Liz Bourke Reviews Point of Sighs by Melissa Scott

Point of Sighs, Melissa Scott (Lethe Press 978-1-59021-645-3, $18.00, 276pp, tp) May 2018. Cover by Ben Baldwin.

Melissa Scott’s Astreiant is a city to conjure with. It shares some commonalities with Ellen Kush­ner’s Riverside, though the first book, Point of Hopes (co-written with the late Lisa A. Barnett) was initially published in 1995 to Kushner’s Swordspoint‘s 1987. (And it involves a little less duelling.) Astreiant is a rich, complex setting, a mercantile city where women dominate high-status roles, and where astrology has a real and signifi­cant effect on people’s lives: if your stars are bad for warfare, you won’t last very long in a military career, for example. This is a world where magic is real, and where it sometimes causes problems – but where most of the citizens’ problems are the ordinary troubles of urban living: crime, trade, and family.

Point of Hopes was followed by the (also co-authored) Point of Dreams, and then by solo works Point of Knives and Fairs’ Point. Now Scott returns to Astreiant with Point of Sighs, another gorgeously rich and atmospheric novel, and a fantastically good story. It might be obvious, but I’m kind of a fan.

All the Astreiant novels to date have revolved around the investigation of a crime, and Point of Sighs is no different. Nicolas Rathe is a senior pointsman, and the pointsmen and -women inves­tigate crimes and keep order in the various districts of the city. Unlike his colleagues, Nico doesn’t participate in the custom of taking fees, a custom that’s an incentive for the points to do a good job while also creating a social norm that a bought point stays bought. His lover, Philip Eslingen – now known as Philip vaan Esling – is a captain in the newly formed City Guard, an organisation that has the potential to encroach on the points’ tradi­tional spheres of authority, even though the Guard is supposed to only police the nobility and the area outside the city walls. It’s new and controversial, and about to put Philip in the middle of a dispute between two points’ stations.

Astreiant has experienced a really wet autumn, and storms at sea have delayed merchant ships from abroad. This is especially bad news for the tea merchants and tea blenders. The murder of a captain whose cargo was tea brings professional rivalry between the points at Point of Sighs – where the murder took place – and Point of Dreams to a head. Nico’s a senior pointsman at Dreams, and he doubts the evidence against the son of a prominent Dreams merchant house. That merchant house – in the tea business – has asked Philip, as a representa­tive of the City Guard, to look out for their interests in the midst of this professional rivalry.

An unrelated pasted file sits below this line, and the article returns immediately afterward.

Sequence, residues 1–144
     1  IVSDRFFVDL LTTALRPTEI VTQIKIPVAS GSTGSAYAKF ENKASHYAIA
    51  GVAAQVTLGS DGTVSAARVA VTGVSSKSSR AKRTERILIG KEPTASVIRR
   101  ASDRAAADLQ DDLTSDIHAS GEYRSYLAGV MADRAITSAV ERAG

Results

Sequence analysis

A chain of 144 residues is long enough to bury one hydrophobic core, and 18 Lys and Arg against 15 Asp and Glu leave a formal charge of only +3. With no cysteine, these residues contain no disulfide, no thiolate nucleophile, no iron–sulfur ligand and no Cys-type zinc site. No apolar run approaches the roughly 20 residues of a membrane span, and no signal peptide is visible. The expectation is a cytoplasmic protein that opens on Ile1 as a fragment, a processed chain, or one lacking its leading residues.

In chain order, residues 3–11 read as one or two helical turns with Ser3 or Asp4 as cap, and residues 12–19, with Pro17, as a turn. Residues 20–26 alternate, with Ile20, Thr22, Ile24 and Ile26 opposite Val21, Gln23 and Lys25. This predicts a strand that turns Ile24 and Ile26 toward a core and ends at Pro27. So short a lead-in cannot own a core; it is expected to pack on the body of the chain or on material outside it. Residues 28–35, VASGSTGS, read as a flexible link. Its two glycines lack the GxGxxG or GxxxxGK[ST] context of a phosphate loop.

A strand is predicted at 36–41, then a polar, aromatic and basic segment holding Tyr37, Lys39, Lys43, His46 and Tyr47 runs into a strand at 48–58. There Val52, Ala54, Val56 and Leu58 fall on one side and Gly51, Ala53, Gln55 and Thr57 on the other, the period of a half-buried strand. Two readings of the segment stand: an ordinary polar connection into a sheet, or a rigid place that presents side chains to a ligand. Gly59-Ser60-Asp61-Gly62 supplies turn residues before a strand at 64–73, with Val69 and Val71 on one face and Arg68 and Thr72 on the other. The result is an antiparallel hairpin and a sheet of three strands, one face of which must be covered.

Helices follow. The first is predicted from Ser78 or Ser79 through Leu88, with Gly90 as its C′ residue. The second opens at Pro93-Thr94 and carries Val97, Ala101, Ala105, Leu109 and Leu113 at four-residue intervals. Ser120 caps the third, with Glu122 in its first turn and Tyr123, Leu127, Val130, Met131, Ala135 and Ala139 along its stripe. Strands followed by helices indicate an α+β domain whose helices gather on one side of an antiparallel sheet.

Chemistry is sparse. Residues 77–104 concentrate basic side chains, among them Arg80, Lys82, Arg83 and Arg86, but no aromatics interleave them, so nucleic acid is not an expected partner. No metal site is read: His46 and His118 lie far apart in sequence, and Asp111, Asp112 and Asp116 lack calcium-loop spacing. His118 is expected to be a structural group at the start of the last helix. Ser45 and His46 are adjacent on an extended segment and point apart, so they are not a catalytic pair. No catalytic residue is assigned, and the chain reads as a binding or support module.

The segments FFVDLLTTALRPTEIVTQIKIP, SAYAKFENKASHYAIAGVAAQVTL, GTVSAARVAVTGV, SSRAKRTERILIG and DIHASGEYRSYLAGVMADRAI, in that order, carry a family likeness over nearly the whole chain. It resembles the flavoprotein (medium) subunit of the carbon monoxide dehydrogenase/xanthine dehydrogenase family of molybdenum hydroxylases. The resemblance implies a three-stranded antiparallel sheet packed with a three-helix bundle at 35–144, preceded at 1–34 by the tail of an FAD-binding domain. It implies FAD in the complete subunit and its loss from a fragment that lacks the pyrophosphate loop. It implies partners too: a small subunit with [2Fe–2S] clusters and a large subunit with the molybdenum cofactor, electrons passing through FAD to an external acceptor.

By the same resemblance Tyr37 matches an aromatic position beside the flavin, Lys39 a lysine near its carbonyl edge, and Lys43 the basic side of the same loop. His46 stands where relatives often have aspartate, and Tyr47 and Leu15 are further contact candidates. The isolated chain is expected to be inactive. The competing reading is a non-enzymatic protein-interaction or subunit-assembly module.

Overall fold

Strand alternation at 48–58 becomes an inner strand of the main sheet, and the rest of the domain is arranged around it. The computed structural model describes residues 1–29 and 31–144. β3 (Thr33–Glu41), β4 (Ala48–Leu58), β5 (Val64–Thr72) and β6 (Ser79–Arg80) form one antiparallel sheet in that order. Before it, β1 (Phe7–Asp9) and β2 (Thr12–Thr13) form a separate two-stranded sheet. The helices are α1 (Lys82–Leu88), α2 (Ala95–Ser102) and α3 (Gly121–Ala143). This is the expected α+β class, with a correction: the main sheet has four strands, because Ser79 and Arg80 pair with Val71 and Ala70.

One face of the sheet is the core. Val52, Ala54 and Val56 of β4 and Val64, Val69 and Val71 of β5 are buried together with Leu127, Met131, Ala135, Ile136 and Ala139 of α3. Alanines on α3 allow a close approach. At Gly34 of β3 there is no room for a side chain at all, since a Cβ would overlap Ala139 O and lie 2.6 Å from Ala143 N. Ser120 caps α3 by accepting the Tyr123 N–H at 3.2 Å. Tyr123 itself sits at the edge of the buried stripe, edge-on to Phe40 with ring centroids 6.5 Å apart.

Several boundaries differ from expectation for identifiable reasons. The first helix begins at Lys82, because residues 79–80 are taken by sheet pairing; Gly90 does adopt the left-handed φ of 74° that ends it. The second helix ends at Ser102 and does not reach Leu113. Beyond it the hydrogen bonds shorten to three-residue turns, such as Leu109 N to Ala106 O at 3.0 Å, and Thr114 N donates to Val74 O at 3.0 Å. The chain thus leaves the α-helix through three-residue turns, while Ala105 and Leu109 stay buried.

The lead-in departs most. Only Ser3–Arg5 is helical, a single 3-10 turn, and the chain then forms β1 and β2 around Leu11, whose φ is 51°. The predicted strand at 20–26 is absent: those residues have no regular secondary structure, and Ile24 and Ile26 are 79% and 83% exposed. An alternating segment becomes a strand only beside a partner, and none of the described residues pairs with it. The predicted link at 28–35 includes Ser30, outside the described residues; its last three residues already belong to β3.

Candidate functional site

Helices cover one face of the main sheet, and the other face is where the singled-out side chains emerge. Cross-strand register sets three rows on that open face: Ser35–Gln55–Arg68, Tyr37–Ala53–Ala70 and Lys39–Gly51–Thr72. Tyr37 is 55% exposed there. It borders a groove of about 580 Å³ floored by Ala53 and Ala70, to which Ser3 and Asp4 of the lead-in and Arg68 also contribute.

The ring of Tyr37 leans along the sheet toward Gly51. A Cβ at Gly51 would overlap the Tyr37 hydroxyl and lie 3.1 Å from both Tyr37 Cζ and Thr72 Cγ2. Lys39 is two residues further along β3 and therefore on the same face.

The mystery only deepens with the murder of one of Point of Sighs’ senior points. The dockers in Point of Sighs are extorting higher fees from the merchants, and there are indications that the murdered pointsman was more than usually corrupt. But it seems there’s even more trouble to contend with: the return of the legendary Riverdeme, the hungry spirit of the city’s river, who was once propitiated by the sacrifice of beautiful young men. The Riverdeme has long been bound by the city’s bridges, but with vicious dogfish – associated with her for centuries – in the water and river-drowned (and fish-eaten) corpses turning up at a much higher rate than usual, it looks like Nico and Philip have a little more than a simple murder to solve. This isn’t good news for Philip. His stars are bad for water, and he’s a very handsome man – exactly the kind of man that the Riverdeme used to take as tribute.

This is a delightful book. Scott depicts the relation­ship between Nico and Philip with sensitivity and grace: not only their strong connection and attraction and mutual loyalty, but also the insecurity that haunts the newness of their partnership, and the complex strains of negotiating the professional relationship that exists alongside the personal one. Astreiant as a setting feels rich and lived-in: Scott’s prose brings its streets and inhabitants to full-fleshed life, and at times it feels as though you can smell the mud and feel the damp fog on the river, the heavy rain that’s a presence throughout the book. The secondary characters feel like real and complicated individuals, with lives extending off the page: the Staenka tea family, whose youngest male member is accused of murder; the points in Dreams and Sighs; the young candidate for the City Guards, Balfort de Vian, whom Philip doesn’t realise has conceived an unrequited passion for him – they’re all complex and engaging people.

Excellently paced, strongly characterised, with a twisty murder plot and a great sense of place, Point of Sighs is a very engaging book. I enjoyed it enor­mously, and I’ll be waiting impatiently for Scott’s next outing to Astreiant.

Liz Bourke is a cranky queer person who reads books. She holds a Ph.D in Classics from Trinity College, Dublin. Her first book, Sleeping With Monsters, a collection of reviews and criticism, is out now from Aqueduct Press. Find her at her blog, her Patreon, or Twitter. She supports the work of the Irish Refugee Council and the Abortion Rights Campaign.

This review and more like it in the July 2018 issue of Locus.

Locus Magazine, Science Fiction FantasyWhile you are here, please take a moment to support Locus with a one-time or recurring donation. We rely on reader donations to keep the magazine and site going, and would like to keep the site paywall free, but WE NEED YOUR FINANCIAL SUPPORT to continue quality coverage of the science fiction and fantasy field.

Leave a Reply

Your email address will not be published. Required fields are marked *